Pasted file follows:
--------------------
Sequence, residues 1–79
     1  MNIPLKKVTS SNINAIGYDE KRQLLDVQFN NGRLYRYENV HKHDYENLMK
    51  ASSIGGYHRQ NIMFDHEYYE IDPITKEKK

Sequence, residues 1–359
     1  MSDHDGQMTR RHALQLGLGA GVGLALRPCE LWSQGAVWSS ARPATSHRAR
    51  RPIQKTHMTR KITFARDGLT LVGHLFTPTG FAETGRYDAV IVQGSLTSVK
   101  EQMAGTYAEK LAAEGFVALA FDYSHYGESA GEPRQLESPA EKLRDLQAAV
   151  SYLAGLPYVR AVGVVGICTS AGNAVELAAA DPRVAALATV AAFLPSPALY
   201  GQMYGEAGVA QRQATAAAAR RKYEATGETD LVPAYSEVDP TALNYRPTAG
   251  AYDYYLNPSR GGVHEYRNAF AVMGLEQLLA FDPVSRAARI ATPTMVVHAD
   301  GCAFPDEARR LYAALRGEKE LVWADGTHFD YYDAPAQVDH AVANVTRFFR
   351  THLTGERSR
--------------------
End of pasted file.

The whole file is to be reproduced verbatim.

Sequence, residues 1–79
     1  MNIPLKKVTS SNINAIGYDE KRQLLDVQFN NGRLYRYENV HKHDYENLMK
    51  ASSIGGYHRQ NIMFDHEYYE IDPITKEKK

Sequence, residues 1–359
     1  MSDHDGQMTR RHALQLGLGA GVGLALRPCE LWSQGAVWSS ARPATSHRAR
    51  RPIQKTHMTR KITFARDGLT LVGHLFTPTG FAETGRYDAV IVQGSLTSVK
   101  EQMAGTYAEK LAAEGFVALA FDYSHYGESA GEPRQLESPA EKLRDLQAAV
   151  SYLAGLPYVR AVGVVGICTS AGNAVELAAA DPRVAALATV AAFLPSPALY
   201  GQMYGEAGVA QRQATAAAAR RKYEATGETD LVPAYSEVDP TALNYRPTAG
   251  AYDYYLNPSR GGVHEYRNAF AVMGLEQLLA FDPVSRAARI ATPTMVVHAD
   301  GCAFPDEARR LYAALRGEKE LVWADGTHFD YYDAPAQVDH AVANVTRFFR
   351  THLTGERSR